The recent progress on the trade talks has slightly reduced the odds that the Fed will cut rates again at its October 29-30 meeting. However, the Fed may determine that one more rate cut would be wise based on the risks to the economy that have grown since their last meeting.
The minutes of the last Fed meeting were released last Wednesday, and they showed that the Fed’s concern about the economy has grown since their July meeting:
Participants generally had become more concerned about risks associated with trade tensions and adverse developments in the geopolitical and global economic spheres. In addition, inflation pressures continued to be muted.
The effects of the trade tensions and global developments have been impacting business investment, and the Fed is seeing higher risks for a larger slowdown in the economy:
softness in business investment and manufacturing so far this year was seen as pointing to the possibility of a more substantial slowing in economic growth than the staff projected.
The weaker-than-expected reading in the ISM’s manufacturing sector that came out on October 3rd will keep the Fed worrying about the risks of a manufacturing-driven slowdown.
Also, the CPI report last week showed muted inflation. Core CPI was only 0.1%. That will also make it easier for the Fed to justify a rate cut.
Thanks to a strong September jobs report with the unemployment rate reaching a 50-year low of 3.5%, a Fed rate cut this month is far from a sure thing, and if the good news on the trade talks continues, there’s a decent chance the Fed may decide to hold steady on rates.
The odds of an October Fed rate cut did go down quite a bit from last week, according to the Fed Funds futures markets (via the CME FedWatch Tool). The odds of a 25 bp rate cut at the October meeting fell from 83.9% to 74.3%. The odds that the federal funds rate will be at least 50 bps lower by December is now 24.1%, which is down substantially from 42.1% last week.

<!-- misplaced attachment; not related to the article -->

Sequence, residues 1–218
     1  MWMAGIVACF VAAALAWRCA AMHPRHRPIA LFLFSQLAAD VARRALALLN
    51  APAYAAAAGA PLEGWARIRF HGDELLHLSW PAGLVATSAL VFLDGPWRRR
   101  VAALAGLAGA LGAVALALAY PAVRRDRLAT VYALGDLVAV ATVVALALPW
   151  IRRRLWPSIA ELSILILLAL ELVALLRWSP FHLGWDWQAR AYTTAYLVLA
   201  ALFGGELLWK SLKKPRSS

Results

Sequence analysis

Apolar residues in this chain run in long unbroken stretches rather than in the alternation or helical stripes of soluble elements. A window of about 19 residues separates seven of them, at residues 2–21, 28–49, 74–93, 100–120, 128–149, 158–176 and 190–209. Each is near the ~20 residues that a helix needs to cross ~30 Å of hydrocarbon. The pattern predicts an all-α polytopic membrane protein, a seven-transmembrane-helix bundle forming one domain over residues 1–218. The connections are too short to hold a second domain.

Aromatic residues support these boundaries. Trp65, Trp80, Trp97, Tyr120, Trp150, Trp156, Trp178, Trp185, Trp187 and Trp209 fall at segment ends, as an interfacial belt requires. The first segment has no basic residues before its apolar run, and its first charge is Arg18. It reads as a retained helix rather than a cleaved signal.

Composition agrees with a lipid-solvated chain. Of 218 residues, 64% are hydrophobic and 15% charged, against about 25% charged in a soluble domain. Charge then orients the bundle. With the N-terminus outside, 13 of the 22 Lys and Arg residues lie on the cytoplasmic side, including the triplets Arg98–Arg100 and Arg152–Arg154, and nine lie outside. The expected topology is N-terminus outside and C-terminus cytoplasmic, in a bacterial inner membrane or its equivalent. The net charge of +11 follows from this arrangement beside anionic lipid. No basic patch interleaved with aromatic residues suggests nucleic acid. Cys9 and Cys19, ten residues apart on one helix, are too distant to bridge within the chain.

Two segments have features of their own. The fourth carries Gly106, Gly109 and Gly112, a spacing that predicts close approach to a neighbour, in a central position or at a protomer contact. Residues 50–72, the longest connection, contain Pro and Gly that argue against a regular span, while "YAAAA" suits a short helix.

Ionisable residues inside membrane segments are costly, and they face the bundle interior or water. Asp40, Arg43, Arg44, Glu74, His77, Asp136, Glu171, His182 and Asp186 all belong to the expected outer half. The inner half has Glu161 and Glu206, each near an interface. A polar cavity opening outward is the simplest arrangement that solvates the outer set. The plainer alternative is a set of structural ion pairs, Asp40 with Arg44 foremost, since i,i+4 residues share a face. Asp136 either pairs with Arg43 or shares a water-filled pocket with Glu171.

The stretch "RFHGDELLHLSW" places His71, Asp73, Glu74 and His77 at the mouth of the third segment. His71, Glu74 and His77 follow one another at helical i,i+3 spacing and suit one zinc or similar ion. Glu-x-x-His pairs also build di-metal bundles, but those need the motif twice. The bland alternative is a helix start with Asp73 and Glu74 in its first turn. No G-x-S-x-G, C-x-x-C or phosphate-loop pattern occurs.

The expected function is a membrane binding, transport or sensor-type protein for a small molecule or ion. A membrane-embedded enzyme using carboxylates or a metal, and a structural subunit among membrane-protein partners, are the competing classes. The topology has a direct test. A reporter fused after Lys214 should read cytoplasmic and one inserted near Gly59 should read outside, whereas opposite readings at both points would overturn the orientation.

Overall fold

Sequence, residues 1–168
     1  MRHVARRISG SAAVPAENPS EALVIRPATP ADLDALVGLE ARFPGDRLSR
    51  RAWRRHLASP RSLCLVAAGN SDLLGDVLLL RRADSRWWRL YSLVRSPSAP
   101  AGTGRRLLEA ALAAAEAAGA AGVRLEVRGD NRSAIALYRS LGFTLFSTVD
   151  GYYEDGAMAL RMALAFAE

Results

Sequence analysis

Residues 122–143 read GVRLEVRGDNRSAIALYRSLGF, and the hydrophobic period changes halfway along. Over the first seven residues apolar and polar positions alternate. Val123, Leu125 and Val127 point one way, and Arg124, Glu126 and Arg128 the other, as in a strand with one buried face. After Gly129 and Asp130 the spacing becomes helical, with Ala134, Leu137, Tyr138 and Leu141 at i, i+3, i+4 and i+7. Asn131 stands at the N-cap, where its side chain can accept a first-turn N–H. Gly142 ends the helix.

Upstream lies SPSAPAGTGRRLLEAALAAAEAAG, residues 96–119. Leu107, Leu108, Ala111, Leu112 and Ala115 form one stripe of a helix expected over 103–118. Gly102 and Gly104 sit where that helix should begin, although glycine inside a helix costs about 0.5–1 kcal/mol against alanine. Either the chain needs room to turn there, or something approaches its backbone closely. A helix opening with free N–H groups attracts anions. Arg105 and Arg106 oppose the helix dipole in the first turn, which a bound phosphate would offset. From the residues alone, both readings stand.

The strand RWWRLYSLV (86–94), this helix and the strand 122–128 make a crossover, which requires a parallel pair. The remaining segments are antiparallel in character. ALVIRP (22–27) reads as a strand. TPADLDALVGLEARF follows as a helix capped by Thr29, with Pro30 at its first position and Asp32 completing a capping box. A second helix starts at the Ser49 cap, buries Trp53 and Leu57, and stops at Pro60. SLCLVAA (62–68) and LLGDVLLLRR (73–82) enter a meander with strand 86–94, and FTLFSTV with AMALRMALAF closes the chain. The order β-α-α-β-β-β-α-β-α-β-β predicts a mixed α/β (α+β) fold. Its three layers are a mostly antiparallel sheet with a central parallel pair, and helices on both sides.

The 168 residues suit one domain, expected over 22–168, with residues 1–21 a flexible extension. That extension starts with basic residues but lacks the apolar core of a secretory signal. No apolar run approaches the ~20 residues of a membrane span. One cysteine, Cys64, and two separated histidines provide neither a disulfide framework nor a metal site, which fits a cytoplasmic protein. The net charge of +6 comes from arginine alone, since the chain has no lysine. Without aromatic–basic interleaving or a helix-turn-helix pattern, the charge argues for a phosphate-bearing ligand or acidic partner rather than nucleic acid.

Most Treasury yields ended Friday higher than they were on Tuesday (my last Fed review). The 5-year note had the largest yield gain, rising 23 bps to 1.59%. The 10-year yield gain of 22 bps was close behind as was the 2-year yield gain of 21 bps. This resulted in a slight widening of the 10-2 spread (the difference between the yields of the 10-year and 2-year Treasury notes.) The spread is now 13 bps, up from 12 bps last week. A negative 10-2 spread has a history of preceding recessions.
Treasury Yields (Close of 10/11/19):
- 1-month: 1.76% up from 1.69% last week (2.14% a year ago)
- 6-month: 1.68% down from 1.69% last week (2.44% a year ago)
- 1-year: 1.67% up from 1.62% last week (2.66% a year ago)
- 2--year: 1.63% up from 1.42% last week (2.85% a year ago)
- 5--year: 1.59% up from 1.36% last week (3.00% a year ago)
- 10-year: 1.76% up from 1.54% last week (3.15% a year ago)
- 30-year: 2.22% up from 2.04% last week (3.32% a year ago)
Fed funds futures' probabilities of future rate CUTS by:
- Oct 2019 - down by at least 25 bps: 74.3% down from 83.9% last week
- Dec 2019 - down by at least 25 bps: 82.6% down from 92.0% last week
- Dec 2019 - down by at least 50 bps: 24.1% down from 42.1% last week
- March 2020 - down by at least 75 bps: 11.2% down from 29.7% last week
CD Interest Rate Forecasts
CD rate cuts continue to be common at both banks and credit unions. With the odds of another Fed rate cut in October still high, I expect CD rate cuts to continue.
Below are a few recent examples of CD rate cuts from last week. These focus on the popular institutions and former rate leaders. All percentages are APYs.
- Ally Bank (5yr fell 10 bps to 2.30%, 1yr fell 10 bps to 2.15%, 11mo fell 5 bps to 2.00%)
- Capital One (1yr 360 CD fell 10 bps to 2.20%)
- PenFed (5yr fell 10 bps to 1.85%, 1yr fell 10 bps to 1.70%)
- Comenity Direct (5yr fell 5 bps to 2.45%, 1yr fell 5 bps to 2.25%)
- First National Bank of America (5yr fell 15 bps to 2.55%, 1yr fell 10 bps to 2.35%)